June 30, 2022
Ahenfo Radio Denmark
Travel

What’s the difference between temporary and permanent residency in Denmark?

If you are a citizen from outside the Nordic countries and you want to work, live and study in Denmark, you need a residency permit. There are two types of residency permits in Denmark, called temporary residency and permanent residency. Here we explain the difference and how to get them.

If you are a citizen of Finland, Norway, Iceland or Sweden then you are able to work, live and study in Denmark without a residence permit. You just need to get a CPR (personal registration) number to register for tax and healthcare.  

For everyone else who isn’t a Nordic citizen and wants to work, live and study in Denmark, a residency permit is required. The rules are different if you are an EU/EEA/Swiss Citizen but there are still two types of residency permits –  temporary and permanent. You can only get a permanent residence permit after holding a temporary residence permit for a certain amount of years, depending on your circumstances. We explain more in this article. 

Temporary residency permit – EU/EEA/Swiss citizen 

If you are an EU/EEA/Swiss citizen and plan on remaining in Denmark for less than three months, you do not need to apply for an EU residence document.

If you are seeking employment, you can stay in Denmark for up to six months before obtaining a temporary residence document.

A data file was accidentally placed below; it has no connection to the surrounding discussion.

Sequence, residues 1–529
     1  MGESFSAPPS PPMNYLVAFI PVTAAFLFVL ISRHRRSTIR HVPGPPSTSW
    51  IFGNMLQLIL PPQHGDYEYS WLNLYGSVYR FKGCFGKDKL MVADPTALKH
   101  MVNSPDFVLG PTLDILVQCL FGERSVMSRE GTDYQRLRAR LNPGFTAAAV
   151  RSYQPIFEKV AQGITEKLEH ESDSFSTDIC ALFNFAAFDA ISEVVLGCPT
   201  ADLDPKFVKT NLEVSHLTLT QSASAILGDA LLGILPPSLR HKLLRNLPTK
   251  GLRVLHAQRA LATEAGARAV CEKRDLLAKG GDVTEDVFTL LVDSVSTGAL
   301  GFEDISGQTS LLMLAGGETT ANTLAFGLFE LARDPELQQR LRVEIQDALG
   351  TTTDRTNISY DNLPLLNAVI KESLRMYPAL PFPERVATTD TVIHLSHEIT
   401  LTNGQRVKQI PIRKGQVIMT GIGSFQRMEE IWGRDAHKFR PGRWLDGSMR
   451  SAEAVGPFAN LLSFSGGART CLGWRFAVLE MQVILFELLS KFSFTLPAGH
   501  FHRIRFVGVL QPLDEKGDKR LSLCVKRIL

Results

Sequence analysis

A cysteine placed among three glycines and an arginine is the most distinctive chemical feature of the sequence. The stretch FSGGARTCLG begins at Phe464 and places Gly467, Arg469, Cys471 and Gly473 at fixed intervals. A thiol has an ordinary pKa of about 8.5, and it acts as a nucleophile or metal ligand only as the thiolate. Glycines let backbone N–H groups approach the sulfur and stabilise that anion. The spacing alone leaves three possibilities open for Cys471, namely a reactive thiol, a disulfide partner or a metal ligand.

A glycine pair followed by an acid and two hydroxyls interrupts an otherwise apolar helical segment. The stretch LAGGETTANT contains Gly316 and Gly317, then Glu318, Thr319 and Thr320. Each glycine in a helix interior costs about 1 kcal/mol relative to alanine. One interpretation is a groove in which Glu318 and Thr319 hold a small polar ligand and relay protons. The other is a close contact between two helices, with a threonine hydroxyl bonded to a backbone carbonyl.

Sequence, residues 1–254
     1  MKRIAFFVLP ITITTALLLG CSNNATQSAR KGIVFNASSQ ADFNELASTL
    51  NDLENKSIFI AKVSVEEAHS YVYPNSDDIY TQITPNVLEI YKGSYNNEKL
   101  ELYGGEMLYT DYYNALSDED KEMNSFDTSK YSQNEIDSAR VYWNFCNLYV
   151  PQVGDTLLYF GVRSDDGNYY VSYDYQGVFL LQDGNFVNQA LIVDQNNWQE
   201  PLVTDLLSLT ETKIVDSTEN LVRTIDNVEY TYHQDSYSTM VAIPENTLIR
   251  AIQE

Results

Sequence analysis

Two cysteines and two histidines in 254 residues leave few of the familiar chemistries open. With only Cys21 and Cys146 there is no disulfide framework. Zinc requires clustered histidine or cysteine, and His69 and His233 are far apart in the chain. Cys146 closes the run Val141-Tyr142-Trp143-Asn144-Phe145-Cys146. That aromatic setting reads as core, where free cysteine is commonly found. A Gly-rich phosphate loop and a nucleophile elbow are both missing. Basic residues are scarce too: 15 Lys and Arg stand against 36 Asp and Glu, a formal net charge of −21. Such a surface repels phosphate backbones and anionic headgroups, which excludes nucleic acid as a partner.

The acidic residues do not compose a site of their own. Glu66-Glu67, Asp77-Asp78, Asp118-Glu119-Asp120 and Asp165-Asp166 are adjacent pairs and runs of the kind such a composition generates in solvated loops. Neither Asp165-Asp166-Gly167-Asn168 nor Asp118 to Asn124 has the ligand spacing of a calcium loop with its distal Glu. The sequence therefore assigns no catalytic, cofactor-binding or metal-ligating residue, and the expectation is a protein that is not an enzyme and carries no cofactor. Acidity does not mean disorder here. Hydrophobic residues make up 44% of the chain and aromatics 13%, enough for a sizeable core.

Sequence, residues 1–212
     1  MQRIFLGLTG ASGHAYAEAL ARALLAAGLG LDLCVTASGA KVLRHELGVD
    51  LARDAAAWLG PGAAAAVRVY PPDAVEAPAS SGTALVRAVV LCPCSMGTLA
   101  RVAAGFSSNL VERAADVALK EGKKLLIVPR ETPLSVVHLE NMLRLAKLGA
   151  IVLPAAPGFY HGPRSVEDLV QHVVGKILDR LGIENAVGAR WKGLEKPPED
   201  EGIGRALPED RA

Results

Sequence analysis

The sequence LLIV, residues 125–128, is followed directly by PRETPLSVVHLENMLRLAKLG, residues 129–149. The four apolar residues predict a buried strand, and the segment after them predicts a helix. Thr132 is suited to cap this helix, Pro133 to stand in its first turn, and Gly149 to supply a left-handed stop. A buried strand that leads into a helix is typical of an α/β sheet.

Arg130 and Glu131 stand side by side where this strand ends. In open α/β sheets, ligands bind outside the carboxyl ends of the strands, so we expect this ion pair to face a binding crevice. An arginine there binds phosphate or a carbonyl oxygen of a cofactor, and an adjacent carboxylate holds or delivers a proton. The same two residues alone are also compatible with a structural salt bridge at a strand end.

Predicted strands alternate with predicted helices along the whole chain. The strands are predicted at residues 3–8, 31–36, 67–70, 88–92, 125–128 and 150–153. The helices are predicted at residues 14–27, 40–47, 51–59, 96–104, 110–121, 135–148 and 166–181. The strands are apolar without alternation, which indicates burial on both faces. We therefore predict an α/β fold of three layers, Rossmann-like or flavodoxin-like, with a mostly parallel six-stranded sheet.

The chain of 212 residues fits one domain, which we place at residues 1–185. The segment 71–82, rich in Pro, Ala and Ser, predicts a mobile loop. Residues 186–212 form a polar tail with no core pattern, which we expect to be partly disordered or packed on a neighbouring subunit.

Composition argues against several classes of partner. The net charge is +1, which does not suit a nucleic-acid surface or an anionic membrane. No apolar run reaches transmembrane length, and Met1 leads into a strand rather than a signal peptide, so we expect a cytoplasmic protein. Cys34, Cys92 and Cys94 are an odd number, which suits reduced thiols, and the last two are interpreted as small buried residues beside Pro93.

If you are a student in Denmark, employed or self-employed in Denmark, or you have sufficient funds and want to stay in Denmark for longer than three months, you can get a temporary EU residency permit. You can also get temporary EU residency as an accompanying partner or child of an EU citizen, however your residency will be dependent on your partner’s or parent’s status. 

The rules for permanent residency are more lenient if you are between 18-19 years old, if you are a person of Danish descent, a former Danish citizen, or have ties to a Danish minority group.  

You can apply for permanent residency at anytime and it usually takes 10 months to process at a cost of 6,745 kroner.

However, it is important that you submit your application before your current residence permit expires.

If you do not meet all the requirements for a permanent residence permit, you can apply for an extension of your current residence permit instead. If you apply for an extension, you can apply three months prior to the date your current residence permit expires.

If you need any more information or have questions about work permits, you can contact SIRI on their contact page.

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